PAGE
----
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21 June 2020

Gay Activists Association (GAA)

​The post-Stonewall activist organizations:

While QLF and STAR were run by trans women, trans women also played significant roles in GLF and GAA. 

Queens Liberation Front (QLF)
StreetTransvestite Action Revolutionaries. (also Part III of Sylvia Rivera)
Gay Liberation Front (GLF) - New York
Gay Activists Alliance (GAA)
Gay Liberation Front (GLF) - London

See also The Five Years Following Stonewall - A New York Timeline


The GAA was founded in New York City on December 1969 by dissident members of the Gay Liberation Front  who did not approve of the donation of $500 to the Black Panthers. The GAA were prepared to work within the political system, their meetings adhered to Robert’s Rules of Order and they had a constitution.

Sylvia Rivera and Bebe Scarpi first met at an early GAA meeting, however many of the members were initially uncomfortable with Sylvia.

GAA applied for incorporation to the New York State Division of Corporations and State Records.  However they were rejected on the grounds that the name was not a fit name for a New York corporation because of the connotation in which the word "gay" was being used, and that the corporation was being formed to violate the anti-sodomy laws of New York. It took five years to win the right to incorporate under that name.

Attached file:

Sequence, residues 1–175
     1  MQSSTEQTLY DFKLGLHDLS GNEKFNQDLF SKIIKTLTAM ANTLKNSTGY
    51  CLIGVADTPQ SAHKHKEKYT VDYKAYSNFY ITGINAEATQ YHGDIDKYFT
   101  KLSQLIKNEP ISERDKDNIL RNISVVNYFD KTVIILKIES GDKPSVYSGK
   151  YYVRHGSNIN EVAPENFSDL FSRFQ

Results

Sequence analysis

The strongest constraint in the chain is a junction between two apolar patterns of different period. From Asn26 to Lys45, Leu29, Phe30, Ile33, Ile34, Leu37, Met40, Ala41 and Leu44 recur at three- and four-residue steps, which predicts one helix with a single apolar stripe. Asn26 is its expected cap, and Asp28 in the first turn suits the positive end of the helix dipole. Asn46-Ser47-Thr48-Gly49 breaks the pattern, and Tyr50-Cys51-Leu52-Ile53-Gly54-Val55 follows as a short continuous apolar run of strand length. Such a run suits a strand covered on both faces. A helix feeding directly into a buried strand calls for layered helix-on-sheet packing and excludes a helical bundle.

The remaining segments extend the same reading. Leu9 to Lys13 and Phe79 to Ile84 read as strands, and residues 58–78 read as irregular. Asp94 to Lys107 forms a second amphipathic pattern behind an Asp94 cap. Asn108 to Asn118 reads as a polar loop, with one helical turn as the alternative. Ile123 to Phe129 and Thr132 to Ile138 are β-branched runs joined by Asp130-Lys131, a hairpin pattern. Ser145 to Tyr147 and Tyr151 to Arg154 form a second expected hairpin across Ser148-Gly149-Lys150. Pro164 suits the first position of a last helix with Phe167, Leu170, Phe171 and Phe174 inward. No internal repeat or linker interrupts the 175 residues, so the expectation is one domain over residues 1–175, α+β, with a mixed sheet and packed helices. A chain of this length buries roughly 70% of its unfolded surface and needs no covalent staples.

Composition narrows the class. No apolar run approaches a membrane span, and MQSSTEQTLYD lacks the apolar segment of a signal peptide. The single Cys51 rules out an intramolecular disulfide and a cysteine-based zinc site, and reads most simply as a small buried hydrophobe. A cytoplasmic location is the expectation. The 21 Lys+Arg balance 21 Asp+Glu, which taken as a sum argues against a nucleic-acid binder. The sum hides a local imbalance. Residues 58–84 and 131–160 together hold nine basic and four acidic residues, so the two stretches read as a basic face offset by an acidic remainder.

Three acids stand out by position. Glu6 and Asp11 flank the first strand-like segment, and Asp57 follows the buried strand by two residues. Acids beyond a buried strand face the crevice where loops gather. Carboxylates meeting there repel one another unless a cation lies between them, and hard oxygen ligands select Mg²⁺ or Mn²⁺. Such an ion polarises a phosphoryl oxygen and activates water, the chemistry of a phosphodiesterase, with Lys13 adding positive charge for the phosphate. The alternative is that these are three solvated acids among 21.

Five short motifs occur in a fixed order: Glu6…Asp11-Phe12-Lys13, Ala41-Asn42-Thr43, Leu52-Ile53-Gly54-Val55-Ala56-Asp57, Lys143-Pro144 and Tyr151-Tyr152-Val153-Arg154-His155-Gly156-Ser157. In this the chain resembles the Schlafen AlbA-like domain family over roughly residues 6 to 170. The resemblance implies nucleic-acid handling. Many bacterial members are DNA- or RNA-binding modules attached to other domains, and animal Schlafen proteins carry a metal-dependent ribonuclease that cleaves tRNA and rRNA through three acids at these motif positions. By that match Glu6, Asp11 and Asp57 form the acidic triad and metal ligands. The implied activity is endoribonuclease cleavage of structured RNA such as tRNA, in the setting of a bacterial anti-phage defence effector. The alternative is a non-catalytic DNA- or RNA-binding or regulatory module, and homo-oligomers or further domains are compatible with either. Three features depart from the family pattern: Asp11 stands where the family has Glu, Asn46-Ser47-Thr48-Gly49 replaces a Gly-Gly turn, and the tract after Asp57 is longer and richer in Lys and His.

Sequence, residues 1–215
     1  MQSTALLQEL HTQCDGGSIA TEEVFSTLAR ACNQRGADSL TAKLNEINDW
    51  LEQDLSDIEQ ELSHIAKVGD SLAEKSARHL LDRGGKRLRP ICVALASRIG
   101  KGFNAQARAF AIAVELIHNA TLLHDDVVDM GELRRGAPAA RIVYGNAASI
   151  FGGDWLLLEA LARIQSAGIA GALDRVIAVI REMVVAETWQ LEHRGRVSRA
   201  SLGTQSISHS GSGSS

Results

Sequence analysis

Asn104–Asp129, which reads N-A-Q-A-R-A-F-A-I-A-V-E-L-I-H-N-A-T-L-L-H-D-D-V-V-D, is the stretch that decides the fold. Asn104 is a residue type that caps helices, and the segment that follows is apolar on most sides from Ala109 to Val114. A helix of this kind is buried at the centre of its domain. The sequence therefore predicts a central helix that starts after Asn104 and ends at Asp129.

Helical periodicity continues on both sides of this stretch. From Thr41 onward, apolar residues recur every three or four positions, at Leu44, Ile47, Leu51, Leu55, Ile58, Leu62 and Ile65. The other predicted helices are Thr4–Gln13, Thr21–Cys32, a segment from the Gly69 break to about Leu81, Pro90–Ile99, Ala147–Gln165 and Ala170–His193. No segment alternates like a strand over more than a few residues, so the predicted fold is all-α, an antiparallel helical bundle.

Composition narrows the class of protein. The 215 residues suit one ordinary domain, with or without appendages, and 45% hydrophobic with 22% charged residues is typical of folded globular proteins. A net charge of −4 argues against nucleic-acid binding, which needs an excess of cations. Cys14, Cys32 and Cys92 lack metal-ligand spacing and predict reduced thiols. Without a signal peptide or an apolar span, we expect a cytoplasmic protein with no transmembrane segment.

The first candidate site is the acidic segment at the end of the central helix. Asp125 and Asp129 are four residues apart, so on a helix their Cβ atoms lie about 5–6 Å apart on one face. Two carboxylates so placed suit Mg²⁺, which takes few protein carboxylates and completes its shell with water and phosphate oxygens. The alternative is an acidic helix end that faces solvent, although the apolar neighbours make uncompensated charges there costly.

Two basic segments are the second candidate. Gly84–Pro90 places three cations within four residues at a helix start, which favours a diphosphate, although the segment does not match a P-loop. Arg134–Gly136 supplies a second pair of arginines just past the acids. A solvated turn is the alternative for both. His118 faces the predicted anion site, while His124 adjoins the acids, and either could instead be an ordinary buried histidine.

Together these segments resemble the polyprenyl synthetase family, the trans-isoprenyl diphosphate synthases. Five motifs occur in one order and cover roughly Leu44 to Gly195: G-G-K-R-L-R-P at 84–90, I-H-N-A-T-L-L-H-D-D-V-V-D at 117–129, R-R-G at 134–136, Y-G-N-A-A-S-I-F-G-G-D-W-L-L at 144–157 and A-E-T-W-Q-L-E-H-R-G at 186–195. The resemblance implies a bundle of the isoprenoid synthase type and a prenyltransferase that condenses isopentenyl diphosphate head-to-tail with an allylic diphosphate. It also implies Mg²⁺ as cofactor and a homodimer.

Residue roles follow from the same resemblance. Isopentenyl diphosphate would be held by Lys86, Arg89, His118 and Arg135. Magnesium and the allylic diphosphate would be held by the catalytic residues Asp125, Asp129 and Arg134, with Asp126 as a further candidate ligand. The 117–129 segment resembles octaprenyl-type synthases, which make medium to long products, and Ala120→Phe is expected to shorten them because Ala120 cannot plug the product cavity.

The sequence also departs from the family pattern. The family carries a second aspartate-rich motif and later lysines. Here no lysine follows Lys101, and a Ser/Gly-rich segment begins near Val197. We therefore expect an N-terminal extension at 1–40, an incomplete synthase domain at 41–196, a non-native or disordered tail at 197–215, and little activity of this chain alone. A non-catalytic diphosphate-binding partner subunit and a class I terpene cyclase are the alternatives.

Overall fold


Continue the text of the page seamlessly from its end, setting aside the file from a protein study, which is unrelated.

Initially GAA met at the Church of the Holy Apostles, 9th Avenue at 28th Street. The GAA preamble included “The Right to Our Own Bodies”:
This is the right to treat and express our bodies as we will, to nurture, display and embellish them solely in the manner we ourselves  determine independent of any external control whatsoever.
In March 1970 the GAA organized protests following the police raid on the Snake Pit gay bar, and this led to the first Christopher Street Liberation Day.

Sylvia, right, collecting signatures.
GAA had started a petition to get the reluctant Carol Greitzer, representing Greenwich Village on the New York City Council, to introduce a bill for gay rights. In April 1970,  Sylvia, liking the idea, started soliciting signatures right on 42nd Street between 7th and 8th Avenues where she did her usual sex hustling – and was arrested on the 15th while doing so. This was GAA’s first arrest. Sylvia recounted her adventures at GAA. This was heard by Arthur Bell, who wrote a story for Gay Power, and made Sylvia a celebrity. When her case came to court the public gallery was filled with activists from GAA and GLF. Gay rights attorney Hal Weiner volunteered his services, and GAA picked up the other legal fees. After several appearances, Sylvia’s court case was thrown out when the arresting officer failed to show.